[caption id=”attachment_2560” align=”aligncenter” width=”630”] (Photo provided by NRK P3 via Flickr)[/caption]
Drake drops album in time for NBA All-Star Weekend
Drake has been a social network phantom for some time now. His presence is significant and his appearances are sparse. So on Thursday, when Drake dropped Jungle, his ultra-personal and hazy short film, it was safe to say that he’d be on our minds, on a weekend, I might add that happens to be NBA All-Star Weekend.
The most ominous thing about that day wasn’t the short film, which is saying something, it was the second link Drake tweeted. Maybe the timing influenced him, perhaps it was a plan established last year or it’s possible Drake decided to do whatever he liked. No matter what the reason, I ain’t mad.
If You’re Reading This It’s Too Late _is a lot of things depending on who you ask. To Cash Money, it’s Drake’s fourth studio album; Young Money considers it his second EP, while OVO sound sees this as a mixtape. The fact that remains is no matter what you call it, you have to respect it. Based on its release format, _If You’re Reading This will probably go down as an album and, if that’s so, the rest of 2015 is going to be held to a high standard.
One of Drake’s strengths is his ability to build a sense of momentum going into each of his pieces of work. This album is no different and could be the best example of this talent. In October 2014, most fans were interested in the sentiment Drake was approaching his music with after hearing “6 God” which was released with two other tracks. Though just “6 God” made the cut for this project, you can hear traces of those songs and their sentiment on If You’re Reading This.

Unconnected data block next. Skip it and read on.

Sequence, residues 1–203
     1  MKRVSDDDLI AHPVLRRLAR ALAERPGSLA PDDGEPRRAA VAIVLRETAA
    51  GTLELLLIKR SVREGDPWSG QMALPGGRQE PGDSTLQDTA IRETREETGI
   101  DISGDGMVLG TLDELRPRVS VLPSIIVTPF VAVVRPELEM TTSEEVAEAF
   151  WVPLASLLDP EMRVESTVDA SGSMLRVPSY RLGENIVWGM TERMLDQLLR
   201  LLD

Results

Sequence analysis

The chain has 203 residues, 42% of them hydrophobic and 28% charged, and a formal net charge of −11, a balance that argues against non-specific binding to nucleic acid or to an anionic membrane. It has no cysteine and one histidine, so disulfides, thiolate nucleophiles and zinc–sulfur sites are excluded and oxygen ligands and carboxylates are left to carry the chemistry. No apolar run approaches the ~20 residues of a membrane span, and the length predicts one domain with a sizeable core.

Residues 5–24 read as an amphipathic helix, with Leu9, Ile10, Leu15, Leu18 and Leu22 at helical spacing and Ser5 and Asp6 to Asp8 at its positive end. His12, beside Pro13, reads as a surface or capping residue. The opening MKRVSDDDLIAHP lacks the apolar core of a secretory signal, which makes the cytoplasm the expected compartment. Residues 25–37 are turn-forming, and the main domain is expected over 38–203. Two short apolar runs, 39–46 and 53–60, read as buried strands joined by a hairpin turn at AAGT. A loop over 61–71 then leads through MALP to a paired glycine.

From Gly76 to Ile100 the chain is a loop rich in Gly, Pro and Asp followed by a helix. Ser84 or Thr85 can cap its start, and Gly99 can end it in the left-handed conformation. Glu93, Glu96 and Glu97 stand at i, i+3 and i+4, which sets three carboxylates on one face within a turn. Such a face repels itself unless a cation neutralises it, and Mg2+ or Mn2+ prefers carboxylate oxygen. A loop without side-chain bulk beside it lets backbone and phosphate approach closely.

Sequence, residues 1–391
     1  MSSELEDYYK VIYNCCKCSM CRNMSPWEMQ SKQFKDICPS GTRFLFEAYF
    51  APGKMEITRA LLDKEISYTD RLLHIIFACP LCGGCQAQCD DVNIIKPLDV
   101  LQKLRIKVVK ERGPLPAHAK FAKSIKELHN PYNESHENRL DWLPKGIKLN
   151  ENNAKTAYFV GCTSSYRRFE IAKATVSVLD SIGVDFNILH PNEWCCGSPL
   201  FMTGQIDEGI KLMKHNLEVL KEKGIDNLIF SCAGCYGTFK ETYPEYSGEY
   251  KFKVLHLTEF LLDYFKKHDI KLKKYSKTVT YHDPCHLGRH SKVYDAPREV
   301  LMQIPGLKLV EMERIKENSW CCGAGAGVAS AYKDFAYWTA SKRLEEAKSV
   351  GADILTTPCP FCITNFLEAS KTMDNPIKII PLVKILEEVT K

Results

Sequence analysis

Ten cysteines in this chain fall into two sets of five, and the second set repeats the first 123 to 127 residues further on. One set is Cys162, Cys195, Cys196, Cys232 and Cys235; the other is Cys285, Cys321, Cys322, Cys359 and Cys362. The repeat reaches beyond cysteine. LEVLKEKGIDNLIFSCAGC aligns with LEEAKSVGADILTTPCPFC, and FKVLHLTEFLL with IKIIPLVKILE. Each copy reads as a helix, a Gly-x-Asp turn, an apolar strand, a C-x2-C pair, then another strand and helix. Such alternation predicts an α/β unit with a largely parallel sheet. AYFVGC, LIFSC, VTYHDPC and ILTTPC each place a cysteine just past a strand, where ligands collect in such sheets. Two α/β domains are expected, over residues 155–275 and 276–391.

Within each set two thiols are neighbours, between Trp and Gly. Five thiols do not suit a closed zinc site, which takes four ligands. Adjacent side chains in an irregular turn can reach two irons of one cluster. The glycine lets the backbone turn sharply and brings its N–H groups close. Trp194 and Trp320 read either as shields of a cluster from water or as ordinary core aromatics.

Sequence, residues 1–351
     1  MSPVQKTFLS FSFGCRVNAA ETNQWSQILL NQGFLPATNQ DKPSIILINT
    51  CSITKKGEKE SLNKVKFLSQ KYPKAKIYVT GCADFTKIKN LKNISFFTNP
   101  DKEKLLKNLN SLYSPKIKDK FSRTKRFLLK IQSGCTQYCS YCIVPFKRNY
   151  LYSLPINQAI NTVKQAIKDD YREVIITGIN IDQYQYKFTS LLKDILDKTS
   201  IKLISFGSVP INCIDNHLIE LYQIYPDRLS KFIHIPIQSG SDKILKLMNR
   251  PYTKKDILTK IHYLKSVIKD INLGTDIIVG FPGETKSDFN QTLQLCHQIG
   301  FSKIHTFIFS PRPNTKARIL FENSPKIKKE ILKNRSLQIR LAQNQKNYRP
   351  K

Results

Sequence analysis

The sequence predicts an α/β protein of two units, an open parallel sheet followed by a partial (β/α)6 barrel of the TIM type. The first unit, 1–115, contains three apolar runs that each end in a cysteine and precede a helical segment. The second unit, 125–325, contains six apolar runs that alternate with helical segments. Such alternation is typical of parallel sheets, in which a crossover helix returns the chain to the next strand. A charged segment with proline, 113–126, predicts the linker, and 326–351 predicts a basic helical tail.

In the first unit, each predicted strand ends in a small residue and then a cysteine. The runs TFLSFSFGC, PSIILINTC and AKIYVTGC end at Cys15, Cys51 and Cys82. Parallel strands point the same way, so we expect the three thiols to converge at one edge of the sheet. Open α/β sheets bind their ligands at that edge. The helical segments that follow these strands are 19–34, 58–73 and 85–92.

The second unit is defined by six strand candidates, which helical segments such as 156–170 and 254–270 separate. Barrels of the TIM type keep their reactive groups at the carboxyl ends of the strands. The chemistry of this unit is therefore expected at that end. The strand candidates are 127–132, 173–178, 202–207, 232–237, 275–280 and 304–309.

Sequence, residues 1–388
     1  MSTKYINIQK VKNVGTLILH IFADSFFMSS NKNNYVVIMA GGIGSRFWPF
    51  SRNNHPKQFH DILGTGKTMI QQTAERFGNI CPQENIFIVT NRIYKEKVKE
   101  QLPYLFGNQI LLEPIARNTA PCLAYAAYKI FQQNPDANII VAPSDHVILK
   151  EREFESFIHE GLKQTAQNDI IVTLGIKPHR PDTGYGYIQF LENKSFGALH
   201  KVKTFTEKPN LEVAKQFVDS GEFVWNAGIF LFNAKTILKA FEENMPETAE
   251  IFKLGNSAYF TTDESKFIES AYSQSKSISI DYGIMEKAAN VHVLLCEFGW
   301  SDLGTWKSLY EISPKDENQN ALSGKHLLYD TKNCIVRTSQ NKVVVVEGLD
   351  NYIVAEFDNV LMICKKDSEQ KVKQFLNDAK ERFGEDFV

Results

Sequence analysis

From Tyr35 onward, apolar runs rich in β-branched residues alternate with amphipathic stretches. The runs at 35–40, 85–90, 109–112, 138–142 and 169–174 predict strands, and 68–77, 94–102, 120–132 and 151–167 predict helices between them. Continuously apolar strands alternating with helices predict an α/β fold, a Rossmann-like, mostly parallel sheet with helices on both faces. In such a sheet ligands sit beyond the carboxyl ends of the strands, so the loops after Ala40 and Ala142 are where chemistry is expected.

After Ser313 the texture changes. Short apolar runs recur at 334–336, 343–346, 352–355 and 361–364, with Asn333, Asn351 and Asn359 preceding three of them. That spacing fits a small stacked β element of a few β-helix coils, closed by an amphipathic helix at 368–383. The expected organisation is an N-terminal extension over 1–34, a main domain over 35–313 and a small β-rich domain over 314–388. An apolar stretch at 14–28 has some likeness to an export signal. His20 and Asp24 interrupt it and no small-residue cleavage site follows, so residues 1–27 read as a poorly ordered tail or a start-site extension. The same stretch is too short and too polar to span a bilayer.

Drake’s confidence is at an all-time high and, in a way that’s almost exclusive to Drake, it’s clear he’s probably at his most vulnerable. _If You’re Reading This It’s Too Late _is almost like a nostalgia trip that’s been injected with the essence of what it’s exploring. Drake’s passion for his city is shaping its sound. The album focuses on themes that admittedly are frequently visited in Drake’s music but it’s with an extreme shift to what’s shaped him and the city he now resides over.
The album energy is almost unstoppable at times. The track “Know Yourself” is the perfect cut to personify Drake’s attitude on this album. Drake raps, “I was runnin through the 6 with my woes / You know how that shit go,” and on “No Tellin” he proceeds to declare it open season rapping the lines: “You pick the casket, I’ll put the nail through it/ I ain’t gotta do it, but fuck it someone gotta do it/ Hate if someone else did it, fuck, I may as well do it.”
Where Nothing Was the Same celebrated the success that was enveloping Drake at that moment, If You’re Reading This seems reflective despite being completely present. This raises the question, how far ago was this planned? Drake is clearly convinced that others think they can take his crown but that might be the result of a moment past. No one can deny the only moment Drake was doubted came in his long absence of 2014, but if he announced Views From the 6 in July, than it’s completely plausible he immediately began working on the content that would become this release.
This album represents a doubling down. Drake’s beginning to distance himself from everything — his contract with Cash Money is irrelevant since OVO Sound is secured through Warner Bros. Records; he has no need to solicit features; and he’s been appointed ambassador of his city. Drake’s aware that these could be his golden years and he isn’t shying away from his moment.
Alain Pierre-Lys (@captainreality) is a free-lance writer who hails from Long Island, NY. He is a reading enthusiast who strongly supports literacy as a means for empathy.